video games are hazardous to your health; ebola is not

We’re back!  After an unexplained 17 week absence.  We got a little turned around lately.  But we’re here again and ready to go.  Did you miss us?  No?  Oh.  We, ah, we thought folks missed us.  [cricket; cricket; cricket]

But you have to understand that even for the most jaded degenerate blog author, life has to take priority and can get out of hand.  We finally got divorced (there is a God) and I lost one of my dog buddies.  He will be missed, and is currently barking in Valhalla where he belongs.  Eh, it’s been a long few weeks.

So we’re here to write about what important topic to all humanity today?

– The World Cup (aka Uncle Vlad’s Guide to Effective Bribery of International Organizations 101)?

– The fact that immigration policies, procedures, and methods employed during the Obama administration are suddenly beyond the pale?

– The creation of Space Force (aka that thing that will never actually happen)?

– Chronic forthcoming global instability created by manic squirrels?

Wrong.

We’re here instead to briefly rant about the World Health Organization’s decision to state that playing video games is a classifiable addiction disorder.  Long term readers of this blog will be aware of two key facts:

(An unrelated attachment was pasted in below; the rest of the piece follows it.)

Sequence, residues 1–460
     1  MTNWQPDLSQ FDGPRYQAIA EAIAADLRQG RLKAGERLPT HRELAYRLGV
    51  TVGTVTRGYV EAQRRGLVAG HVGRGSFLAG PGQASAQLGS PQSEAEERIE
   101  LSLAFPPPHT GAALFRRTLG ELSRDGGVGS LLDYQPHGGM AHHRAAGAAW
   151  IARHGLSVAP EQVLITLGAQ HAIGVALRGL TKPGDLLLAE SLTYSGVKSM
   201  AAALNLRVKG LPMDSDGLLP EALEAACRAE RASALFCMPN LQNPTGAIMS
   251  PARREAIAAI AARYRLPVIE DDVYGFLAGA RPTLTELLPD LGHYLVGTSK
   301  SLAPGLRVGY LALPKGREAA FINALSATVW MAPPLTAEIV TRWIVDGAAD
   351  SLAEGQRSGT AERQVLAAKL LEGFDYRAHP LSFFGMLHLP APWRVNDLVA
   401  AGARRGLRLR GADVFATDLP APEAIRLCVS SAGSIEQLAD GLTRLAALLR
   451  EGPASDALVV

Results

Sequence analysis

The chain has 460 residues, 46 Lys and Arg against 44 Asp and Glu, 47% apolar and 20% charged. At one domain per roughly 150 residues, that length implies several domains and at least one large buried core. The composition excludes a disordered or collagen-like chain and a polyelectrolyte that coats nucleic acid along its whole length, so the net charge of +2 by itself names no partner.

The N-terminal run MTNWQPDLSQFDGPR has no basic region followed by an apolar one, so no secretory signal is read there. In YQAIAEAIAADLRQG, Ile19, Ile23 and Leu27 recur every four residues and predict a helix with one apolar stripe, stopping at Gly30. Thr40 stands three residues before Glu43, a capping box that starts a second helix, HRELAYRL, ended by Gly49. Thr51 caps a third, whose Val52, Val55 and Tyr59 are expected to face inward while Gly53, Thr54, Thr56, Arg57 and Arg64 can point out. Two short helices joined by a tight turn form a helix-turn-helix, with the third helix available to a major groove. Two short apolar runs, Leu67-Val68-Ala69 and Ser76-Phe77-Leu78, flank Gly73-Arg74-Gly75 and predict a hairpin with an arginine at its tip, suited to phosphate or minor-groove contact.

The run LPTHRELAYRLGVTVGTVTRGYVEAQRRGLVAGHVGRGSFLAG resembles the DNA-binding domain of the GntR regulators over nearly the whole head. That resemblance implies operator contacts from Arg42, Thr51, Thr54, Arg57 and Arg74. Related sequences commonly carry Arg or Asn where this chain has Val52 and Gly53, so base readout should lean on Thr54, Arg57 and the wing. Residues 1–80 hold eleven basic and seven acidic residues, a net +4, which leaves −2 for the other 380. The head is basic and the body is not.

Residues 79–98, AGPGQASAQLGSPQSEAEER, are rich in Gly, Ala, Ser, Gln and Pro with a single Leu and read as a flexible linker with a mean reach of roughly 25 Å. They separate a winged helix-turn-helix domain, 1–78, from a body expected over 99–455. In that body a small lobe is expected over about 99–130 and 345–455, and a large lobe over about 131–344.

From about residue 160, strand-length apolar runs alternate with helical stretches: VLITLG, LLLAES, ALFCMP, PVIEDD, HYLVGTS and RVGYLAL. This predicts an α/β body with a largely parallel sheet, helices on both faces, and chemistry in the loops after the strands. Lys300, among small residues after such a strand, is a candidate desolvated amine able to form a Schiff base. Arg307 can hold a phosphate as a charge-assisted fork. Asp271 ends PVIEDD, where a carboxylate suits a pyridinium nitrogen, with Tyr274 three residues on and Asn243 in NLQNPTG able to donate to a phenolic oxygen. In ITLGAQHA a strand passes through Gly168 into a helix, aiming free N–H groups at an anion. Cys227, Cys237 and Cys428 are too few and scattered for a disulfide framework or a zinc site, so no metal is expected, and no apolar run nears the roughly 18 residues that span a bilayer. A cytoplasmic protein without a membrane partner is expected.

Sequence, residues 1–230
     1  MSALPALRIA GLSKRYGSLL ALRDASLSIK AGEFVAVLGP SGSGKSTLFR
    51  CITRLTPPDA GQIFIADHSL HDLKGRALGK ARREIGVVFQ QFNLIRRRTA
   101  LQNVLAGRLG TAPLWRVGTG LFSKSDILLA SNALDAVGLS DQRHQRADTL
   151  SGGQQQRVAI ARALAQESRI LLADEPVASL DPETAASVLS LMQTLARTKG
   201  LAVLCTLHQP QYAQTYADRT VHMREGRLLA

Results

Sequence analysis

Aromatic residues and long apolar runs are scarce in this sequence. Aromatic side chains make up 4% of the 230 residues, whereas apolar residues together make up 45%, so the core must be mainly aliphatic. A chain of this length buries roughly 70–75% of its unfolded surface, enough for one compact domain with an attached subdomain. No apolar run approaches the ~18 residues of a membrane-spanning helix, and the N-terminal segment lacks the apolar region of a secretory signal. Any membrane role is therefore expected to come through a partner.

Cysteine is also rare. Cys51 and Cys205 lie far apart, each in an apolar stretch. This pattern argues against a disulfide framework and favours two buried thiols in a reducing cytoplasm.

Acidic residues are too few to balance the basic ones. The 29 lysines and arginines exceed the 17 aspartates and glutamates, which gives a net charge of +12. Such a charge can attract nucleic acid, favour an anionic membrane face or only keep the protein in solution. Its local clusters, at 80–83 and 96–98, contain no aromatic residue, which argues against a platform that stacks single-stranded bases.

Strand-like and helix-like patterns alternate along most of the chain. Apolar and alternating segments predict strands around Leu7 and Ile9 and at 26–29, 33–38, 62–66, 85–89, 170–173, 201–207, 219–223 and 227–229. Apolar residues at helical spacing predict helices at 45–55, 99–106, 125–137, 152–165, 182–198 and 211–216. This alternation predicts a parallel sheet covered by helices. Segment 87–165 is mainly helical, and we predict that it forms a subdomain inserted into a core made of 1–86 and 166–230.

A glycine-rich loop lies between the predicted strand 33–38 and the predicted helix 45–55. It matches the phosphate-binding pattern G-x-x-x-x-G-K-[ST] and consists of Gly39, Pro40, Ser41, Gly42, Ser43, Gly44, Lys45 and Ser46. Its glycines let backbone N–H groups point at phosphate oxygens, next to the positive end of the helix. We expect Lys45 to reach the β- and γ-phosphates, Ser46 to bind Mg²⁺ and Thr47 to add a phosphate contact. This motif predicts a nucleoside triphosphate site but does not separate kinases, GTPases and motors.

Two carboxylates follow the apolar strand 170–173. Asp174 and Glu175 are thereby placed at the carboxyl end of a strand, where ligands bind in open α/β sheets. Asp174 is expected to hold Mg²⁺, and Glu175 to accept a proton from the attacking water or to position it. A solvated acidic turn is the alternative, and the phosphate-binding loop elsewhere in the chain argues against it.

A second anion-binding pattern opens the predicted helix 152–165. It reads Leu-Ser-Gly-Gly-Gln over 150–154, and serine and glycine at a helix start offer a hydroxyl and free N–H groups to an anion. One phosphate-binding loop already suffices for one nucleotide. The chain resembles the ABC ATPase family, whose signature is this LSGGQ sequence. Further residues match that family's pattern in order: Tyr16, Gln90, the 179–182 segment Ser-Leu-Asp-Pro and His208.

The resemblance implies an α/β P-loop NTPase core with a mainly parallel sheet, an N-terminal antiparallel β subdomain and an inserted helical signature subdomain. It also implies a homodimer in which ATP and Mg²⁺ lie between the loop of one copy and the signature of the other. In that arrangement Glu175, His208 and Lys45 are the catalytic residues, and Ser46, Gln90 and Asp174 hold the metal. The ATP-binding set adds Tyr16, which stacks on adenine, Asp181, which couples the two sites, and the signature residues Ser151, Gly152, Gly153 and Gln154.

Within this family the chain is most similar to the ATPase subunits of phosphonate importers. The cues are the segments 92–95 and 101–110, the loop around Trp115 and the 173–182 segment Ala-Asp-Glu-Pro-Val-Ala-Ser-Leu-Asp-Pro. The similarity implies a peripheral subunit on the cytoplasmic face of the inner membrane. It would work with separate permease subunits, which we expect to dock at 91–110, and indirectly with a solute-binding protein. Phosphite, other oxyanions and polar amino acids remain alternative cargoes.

1) I play a lot of video games.

2) I have a very low opinion of the WHO.

Granted, the WHO’s response to the recent ebola outbreak in Congo has been pretty good.  It seems they learned their lessons from the outbreak in West Africa a few years ago.  What could easily have turned into an even bigger nightmare if ebola had made its way down the river to Kinshasa (aka one of the biggest cities on Earth) seems to have been stopped in its tracks.  Good on them.

But then every once and a while the WHO reminds people how much money they burn on stupidity that could be spent vaccinating people against [insert anything here].  Hell, if video games are now an addictive disorder (as in the same category as nicotine) then we might as well classify drinking water as addictive.

Ever hear the term ‘everything in moderation’?  This is a pretty good term to live by.  Just about anything can be bad if you go at it too often.  You can even drink so much water that it kills you.  And your body is made up mostly of water.  But does that mean something is so powerful it can literally alter your body?

For example, I’m pretty sure if you play video games for a year your physical brain chemistry isn’t going to change.  If however, you decide to smoke crack for a year, I’m pretty sure you come out the back end of that year an entirely different person.

If you still don’t get where I’m going with this, just go ahead and put a crack addict and stand them next to even the most extreme South Korean player of StarCraft II.  I’m pretty sure you’ll see what I’m getting it.

Focus on ebola WHO, stop wasting my time.

geralt.jpg

“Hey there kiddies.  Wanna get high?”

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